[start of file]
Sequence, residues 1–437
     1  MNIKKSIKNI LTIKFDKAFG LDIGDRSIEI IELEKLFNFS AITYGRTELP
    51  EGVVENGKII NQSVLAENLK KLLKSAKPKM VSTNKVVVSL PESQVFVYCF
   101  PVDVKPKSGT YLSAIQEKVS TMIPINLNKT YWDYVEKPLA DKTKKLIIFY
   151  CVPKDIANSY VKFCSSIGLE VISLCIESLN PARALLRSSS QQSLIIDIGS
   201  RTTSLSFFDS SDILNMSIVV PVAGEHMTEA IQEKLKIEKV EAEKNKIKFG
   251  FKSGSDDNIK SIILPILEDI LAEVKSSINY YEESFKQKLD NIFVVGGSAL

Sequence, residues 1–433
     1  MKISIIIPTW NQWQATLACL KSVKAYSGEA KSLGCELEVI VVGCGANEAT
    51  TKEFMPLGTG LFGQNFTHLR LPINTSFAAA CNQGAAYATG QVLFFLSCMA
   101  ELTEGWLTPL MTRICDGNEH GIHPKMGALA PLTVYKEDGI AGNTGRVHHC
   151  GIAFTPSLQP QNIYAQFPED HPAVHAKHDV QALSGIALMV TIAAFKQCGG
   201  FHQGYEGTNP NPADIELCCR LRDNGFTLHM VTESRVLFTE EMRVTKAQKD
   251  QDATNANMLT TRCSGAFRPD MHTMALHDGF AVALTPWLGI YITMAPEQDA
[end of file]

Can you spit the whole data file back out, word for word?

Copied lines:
Sequence, residues 1–437
     1  MNIKKSIKNI LTIKFDKAFG LDIGDRSIEI IELEKLFNFS AITYGRTELP
    51  EGVVENGKII NQSVLAENLK KLLKSAKPKM VSTNKVVVSL PESQVFVYCF
   101  PVDVKPKSGT YLSAIQEKVS TMIPINLNKT YWDYVEKPLA DKTKKLIIFY
   151  CVPKDIANSY VKFCSSIGLE VISLCIESLN PARALLRSSS QQSLIIDIGS
   201  RTTSLSFFDS SDILNMSIVV PVAGEHMTEA IQEKLKIEKV EAEKNKIKFG
   251  FKSGSDDNIK SIILPILEDI LAEVKSSINY YEESFKQKLD NIFVVGGSAL

Sequence, residues 1–433
     1  MKISIIIPTW NQWQATLACL KSVKAYSGEA KSLGCELEVI VVGCGANEAT
    51  TKEFMPLGTG LFGQNFTHLR LPINTSFAAA CNQGAAYATG QVLFFLSCMA
   101  ELTEGWLTPL MTRICDGNEH GIHPKMGALA PLTVYKEDGI AGNTGRVHHC
   151  GIAFTPSLQP QNIYAQFPED HPAVHAKHDV QALSGIALMV TIAAFKQCGG
   201  FHQGYEGTNP NPADIELCCR LRDNGFTLHM VTESRVLFTE EMRVTKAQKD
   251  QDATNANMLT TRCSGAFRPD MHTMALHDGF AVALTPWLGI YITMAPEQDA